Climate Catastrophe: A Superstorm for Global Warming Research .
Such suspicions irritate PIK Director Hans Joachim Schellnhuber, particularly when they are directed against him or his institute. Schellnhuber, a native of Bavaria, normally speaks quietly and diplomatically, but he raises his voice when discussing the accusations. He says that he is far from being an environmental activist or someone who acts purely for political reasons.
"That's completely absurd!" he says heatedly. "I don't participate in protest marches, I'm not a member of the Green Party, I like to eat meat and I drive a BMW. And I didn't study physics to become a climatologist, either."
But no, he adds, he happens to be someone who has acquired inside knowledge about a looming disaster, knowledge that he cannot keep to himself. "If I'm a passenger on a ship and I see, through my binoculars, that we're headed for an iceberg," says Schellnhuber, "I have to warn the captain immediately."
But exactly how far away is that iceberg? How much time is left to steer the ship onto an alternate course? And how great is the risk of collision? These are key questions. In reality, it isn't about stopping a luxury ocean liner, but about the massive effort that is required to end the age of oil and coal as quickly as possible.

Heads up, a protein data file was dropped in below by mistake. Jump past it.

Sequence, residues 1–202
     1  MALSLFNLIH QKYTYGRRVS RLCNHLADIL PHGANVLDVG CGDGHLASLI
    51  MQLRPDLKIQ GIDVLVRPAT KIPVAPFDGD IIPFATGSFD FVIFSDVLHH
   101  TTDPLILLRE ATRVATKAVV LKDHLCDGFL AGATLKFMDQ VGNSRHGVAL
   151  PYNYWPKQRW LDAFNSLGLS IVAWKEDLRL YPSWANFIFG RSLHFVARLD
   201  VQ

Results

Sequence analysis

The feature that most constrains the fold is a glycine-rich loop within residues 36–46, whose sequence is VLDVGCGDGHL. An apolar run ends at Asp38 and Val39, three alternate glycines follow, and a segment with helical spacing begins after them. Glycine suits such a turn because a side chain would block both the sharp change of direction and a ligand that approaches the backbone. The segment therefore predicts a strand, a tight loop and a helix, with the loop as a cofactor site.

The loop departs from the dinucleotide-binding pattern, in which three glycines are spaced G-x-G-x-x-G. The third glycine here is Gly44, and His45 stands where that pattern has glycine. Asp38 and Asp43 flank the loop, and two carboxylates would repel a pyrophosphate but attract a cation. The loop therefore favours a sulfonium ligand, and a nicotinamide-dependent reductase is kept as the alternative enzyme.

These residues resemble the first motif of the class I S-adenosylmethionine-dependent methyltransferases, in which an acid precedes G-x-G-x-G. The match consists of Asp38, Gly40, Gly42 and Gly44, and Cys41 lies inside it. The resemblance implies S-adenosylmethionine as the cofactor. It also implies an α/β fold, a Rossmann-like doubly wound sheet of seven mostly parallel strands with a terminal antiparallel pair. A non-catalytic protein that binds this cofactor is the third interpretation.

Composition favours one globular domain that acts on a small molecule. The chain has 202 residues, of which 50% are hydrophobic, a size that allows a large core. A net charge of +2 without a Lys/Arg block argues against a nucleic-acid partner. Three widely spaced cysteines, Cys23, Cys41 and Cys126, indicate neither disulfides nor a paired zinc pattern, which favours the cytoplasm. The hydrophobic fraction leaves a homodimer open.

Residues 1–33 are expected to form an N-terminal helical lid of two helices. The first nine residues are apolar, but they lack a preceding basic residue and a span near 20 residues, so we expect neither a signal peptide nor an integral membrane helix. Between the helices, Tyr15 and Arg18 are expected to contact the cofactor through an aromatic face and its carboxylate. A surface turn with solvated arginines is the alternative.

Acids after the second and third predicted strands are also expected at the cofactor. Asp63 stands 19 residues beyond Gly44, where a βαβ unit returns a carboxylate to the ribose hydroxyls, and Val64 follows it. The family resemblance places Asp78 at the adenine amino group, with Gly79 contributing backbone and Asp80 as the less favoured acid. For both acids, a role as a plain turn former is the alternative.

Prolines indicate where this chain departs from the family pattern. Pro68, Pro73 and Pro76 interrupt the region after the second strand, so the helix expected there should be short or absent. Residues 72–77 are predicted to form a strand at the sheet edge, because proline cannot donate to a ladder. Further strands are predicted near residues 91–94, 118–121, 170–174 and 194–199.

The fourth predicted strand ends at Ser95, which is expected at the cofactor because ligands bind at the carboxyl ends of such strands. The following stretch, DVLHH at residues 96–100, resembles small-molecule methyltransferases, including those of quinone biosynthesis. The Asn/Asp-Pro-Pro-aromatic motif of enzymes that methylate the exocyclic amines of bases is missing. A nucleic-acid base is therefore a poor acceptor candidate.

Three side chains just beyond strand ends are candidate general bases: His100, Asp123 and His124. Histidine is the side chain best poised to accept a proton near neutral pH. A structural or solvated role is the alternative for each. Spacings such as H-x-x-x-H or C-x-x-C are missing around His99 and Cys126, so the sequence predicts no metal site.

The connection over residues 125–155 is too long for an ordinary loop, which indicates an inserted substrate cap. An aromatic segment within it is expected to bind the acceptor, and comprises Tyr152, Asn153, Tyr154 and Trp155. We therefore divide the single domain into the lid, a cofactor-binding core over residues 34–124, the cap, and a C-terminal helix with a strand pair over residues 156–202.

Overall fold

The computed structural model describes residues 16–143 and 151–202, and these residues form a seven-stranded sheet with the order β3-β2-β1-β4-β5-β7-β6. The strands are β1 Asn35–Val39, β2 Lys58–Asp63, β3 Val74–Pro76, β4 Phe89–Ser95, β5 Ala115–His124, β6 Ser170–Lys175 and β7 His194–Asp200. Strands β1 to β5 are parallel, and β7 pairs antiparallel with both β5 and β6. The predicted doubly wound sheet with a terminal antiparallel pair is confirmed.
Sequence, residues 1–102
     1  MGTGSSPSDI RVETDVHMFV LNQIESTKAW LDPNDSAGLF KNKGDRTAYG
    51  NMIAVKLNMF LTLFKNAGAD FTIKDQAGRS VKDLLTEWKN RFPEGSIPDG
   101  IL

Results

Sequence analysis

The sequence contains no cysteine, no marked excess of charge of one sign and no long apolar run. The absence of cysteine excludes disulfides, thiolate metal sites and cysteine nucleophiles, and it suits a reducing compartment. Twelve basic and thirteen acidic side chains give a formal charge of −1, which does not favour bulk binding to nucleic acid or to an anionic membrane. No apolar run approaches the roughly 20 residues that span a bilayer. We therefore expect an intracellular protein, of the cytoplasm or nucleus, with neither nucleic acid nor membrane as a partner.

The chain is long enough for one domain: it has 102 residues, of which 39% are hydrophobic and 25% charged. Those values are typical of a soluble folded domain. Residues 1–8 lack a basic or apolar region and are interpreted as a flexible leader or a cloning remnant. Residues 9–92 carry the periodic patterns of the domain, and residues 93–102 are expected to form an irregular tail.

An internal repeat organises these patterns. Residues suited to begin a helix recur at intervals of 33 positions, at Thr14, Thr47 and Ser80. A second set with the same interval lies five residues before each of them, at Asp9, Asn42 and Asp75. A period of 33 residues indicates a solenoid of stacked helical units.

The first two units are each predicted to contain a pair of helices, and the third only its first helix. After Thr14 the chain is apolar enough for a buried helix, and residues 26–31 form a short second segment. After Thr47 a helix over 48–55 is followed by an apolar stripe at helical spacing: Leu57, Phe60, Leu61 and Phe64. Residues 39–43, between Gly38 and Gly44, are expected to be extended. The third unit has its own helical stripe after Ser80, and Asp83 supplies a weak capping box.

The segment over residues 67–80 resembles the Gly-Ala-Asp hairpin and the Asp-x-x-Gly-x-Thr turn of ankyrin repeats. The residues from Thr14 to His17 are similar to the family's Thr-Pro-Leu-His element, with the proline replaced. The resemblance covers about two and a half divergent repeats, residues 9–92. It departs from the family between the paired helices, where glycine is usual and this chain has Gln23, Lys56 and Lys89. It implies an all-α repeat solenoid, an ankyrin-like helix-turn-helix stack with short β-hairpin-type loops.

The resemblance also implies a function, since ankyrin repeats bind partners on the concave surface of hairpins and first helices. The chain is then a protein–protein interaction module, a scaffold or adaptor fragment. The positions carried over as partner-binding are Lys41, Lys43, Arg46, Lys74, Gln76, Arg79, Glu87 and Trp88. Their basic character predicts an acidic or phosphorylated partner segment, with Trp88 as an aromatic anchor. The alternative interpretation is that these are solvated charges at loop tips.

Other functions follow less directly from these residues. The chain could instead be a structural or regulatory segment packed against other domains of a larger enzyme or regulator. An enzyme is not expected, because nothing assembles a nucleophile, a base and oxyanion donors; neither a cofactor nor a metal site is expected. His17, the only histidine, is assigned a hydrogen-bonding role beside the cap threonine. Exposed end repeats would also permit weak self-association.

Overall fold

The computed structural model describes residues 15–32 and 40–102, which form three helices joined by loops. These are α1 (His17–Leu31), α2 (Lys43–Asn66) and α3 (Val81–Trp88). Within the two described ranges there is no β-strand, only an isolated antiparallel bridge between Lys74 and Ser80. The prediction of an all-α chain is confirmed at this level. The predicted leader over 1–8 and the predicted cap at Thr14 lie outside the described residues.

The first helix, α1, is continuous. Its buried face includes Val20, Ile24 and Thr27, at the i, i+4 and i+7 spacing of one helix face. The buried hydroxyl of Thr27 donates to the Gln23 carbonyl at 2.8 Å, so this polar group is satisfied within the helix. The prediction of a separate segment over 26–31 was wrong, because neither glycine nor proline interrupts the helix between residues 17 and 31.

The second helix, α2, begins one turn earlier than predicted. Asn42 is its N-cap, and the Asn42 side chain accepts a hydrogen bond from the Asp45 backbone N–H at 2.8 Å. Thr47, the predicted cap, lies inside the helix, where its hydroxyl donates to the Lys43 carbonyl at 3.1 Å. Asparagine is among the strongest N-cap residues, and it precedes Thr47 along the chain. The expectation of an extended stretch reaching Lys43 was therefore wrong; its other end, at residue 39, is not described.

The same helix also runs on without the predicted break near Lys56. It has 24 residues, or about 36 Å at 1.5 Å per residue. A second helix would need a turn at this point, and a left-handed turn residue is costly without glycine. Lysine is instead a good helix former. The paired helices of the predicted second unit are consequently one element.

Time to React
"We climatologists can only describe possible futures," Storch points out. "It's also possible that things will be completely different."
Storch, a native of northern Germany and one of the pioneers of climate modeling, recommends a more dispassionate approach. He grew up on the North Sea island of Föhr, where he experienced storm tides at first hand. He learned that humans are tough and adaptable beings.
"Fearmongering is the wrong way to go about it," says Storch. "Climate change isn't going to happen overnight. We still have enough time to react."